A bit more pop than some of SteveArrington's earlier work, but proof that Mr Slave could still come up with a groove when he wanted! The record's got a quirky approach that's almost in line with later versions of P-Funk – but Arrington's never as goofy, and mostly lets the gimmicks come out in the titles and choruses, while keeping things relatively straight on the rest of the tune. Craig Cooper plays a fair bit of guitar and keyboards on the set, and titles include "Jammin National Anthem", "Holiday", "Teenage Jazz", "One Of A Kind Paradise", "Everybody's Got To Be Free", "Homeboy", and "Like It Loud". LP, Vinyl record album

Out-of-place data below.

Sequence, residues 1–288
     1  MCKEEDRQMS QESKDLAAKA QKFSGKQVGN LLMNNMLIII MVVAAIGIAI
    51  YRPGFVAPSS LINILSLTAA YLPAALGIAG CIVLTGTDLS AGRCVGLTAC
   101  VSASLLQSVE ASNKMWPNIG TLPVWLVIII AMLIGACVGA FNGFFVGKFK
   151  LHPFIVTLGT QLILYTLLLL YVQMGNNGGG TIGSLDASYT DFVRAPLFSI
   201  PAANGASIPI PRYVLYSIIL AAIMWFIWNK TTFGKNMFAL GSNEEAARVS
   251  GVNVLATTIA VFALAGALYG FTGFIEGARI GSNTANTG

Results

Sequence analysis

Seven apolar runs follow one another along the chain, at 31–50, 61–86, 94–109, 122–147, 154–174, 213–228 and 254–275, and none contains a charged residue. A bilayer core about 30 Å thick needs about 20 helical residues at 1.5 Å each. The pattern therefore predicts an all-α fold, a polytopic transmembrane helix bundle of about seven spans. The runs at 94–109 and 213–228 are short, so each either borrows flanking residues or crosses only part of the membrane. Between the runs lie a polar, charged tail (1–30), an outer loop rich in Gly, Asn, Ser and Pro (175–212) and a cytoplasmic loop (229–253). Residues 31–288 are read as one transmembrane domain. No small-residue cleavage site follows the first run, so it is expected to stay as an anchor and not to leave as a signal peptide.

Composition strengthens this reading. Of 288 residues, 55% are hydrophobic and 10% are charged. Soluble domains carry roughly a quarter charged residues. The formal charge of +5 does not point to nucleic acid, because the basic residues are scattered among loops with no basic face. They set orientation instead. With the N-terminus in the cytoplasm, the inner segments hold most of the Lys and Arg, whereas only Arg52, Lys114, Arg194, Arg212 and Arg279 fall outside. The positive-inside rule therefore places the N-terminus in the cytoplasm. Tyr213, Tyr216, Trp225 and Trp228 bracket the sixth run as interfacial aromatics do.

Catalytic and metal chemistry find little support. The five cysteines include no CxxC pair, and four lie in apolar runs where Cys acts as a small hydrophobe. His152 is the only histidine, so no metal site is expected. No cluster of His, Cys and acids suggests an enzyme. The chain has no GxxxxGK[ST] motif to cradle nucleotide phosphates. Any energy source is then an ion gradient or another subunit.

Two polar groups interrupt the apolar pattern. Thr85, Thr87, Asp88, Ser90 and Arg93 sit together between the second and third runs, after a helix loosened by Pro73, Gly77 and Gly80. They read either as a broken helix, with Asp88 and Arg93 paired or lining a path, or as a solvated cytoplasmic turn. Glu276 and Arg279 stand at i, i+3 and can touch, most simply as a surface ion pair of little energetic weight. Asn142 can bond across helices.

(Cover has mild water damage on bottom.)
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Slave ... LP Cotillion, 1977. Very Good+ ...
Temporarily Out Of Stock
Far and away the band's best record! The album's got a fresh funk sound that takes an earlier 70s ensemble style and slicks it down a bit – but thanks to some great drum work by Tim Dozier (SteveArrington had yet to join the band), and a subtle riffing bass style by Mark Adams, the band had a groove that was quite revolutionary, and which set them apart from the legions of funk imitators that were springing up at the end of the 70s. The high points of the album is the band's seminal "Slide", which is followed up with "Son Of Slide" – and both tracks have these amazing dark repetitive grooves that have really stood the test of time (thanks in part to a famous sample by Tribe Called Quest!) Other tracks include "You & Me", "Party Hardy", "Screw Your Wig On Tite", and "Separated". LP, Vinyl record album